Contractor confirms misconduct, employee sackings at Nauru
SECURITY contractors at Nauru offshore detention centre admitted there were "allegations of misconduct" that had arisen at the centre.
The comments came during a sometimes heated Senate inquiry in Canberra on Tuesday into the conditions asylum seekers face at the centre.
That inquiry follows an investigation into allegations of sexual assault and of sexual favours being traded for cigarettes at the centre.
In a submission to the inquiry, Dr David Isaacs, who worked at the centre briefly, also claimed a woman had reported being raped by a cleaner.
Security and welfare at the centre is run by Transfield Services under a $1.2 billion, 20-month government contract.
Transfield Services contracts out security guard and cleaning services to Wilson Security.
Wilson's security contract manager Brett McDonald told the inquiry he was aware of at least one incident where a detainee was "mishandled", and some cases where employees had been moved on or terminated. Transfield Services' chief executive of operations Kate Munnings told senators that despite the firm's commitment and best efforts, "some allegations of misconduct have arisen".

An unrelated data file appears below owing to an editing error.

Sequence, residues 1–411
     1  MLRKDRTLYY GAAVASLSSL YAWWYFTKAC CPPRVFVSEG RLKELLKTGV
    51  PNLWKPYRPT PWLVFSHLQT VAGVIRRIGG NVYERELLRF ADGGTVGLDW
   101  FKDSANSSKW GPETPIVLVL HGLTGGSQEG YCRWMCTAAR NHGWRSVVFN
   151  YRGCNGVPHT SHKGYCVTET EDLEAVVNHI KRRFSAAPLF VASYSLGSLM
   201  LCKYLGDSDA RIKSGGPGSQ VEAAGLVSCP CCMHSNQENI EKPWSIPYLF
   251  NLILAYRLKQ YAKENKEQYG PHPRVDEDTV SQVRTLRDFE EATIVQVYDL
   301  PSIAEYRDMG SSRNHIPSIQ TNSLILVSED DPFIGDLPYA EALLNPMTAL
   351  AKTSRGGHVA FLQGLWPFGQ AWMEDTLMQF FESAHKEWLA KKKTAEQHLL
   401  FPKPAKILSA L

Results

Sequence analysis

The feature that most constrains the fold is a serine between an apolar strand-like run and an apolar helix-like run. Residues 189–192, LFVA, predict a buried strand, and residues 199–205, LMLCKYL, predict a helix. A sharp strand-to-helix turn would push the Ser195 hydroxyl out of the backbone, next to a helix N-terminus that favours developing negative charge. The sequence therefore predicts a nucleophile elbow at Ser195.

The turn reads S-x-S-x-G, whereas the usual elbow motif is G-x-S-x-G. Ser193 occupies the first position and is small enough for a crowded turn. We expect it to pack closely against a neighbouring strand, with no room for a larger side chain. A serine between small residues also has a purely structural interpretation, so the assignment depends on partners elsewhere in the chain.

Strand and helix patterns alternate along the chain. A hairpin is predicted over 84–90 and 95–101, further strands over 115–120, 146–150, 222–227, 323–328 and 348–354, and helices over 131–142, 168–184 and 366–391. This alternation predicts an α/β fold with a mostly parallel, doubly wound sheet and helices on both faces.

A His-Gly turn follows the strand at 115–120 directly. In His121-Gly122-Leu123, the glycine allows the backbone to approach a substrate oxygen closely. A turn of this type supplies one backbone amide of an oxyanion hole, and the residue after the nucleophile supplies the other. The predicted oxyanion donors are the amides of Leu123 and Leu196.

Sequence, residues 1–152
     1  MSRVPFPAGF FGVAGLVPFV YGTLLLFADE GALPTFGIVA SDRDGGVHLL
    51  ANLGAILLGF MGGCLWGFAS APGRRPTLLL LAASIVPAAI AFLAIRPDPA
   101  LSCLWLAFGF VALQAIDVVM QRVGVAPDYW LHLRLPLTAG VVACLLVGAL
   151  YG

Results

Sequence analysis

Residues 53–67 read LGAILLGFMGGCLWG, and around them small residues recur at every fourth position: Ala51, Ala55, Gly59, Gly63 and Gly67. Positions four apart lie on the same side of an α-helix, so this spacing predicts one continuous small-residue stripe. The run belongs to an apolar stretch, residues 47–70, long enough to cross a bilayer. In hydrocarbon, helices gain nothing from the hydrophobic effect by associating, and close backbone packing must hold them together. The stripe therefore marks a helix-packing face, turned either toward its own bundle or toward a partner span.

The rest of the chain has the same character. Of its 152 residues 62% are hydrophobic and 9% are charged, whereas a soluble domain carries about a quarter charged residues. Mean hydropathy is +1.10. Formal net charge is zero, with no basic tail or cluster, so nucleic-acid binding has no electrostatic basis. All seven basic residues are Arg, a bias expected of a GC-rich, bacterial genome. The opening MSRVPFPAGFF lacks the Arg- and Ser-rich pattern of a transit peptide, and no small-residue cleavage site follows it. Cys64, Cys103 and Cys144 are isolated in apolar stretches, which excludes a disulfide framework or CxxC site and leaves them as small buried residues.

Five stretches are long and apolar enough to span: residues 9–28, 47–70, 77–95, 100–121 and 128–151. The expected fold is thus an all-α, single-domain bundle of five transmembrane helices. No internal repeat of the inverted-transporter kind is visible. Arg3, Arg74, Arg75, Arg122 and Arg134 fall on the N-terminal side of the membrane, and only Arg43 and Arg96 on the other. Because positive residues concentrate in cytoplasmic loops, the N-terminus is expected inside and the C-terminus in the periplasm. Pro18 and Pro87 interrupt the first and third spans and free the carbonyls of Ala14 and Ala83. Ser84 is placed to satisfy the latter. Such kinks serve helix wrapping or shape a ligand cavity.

The committee also heard asylum seekers were living in mouldy tents in 30-degree heat without air-conditioning.
Transfield witnesses said some young families were in air-conditioned units, but most were living in tents.
Administrative buildings were air-conditioned.
Transfield Services witnesses told the committee they were still working with the Australian Government to improve the conditions, but progress had already been made since it took over in February last year.
However, many questions from senators from all political parties went unanswered, with witnesses taking detailed questions on notice.
The inquiry follows a government review of misconduct allegations at the centre, and contractors have already acted on many recommendations from that review.
The Senate inquiry is due to report its findings to parliament in mid-June.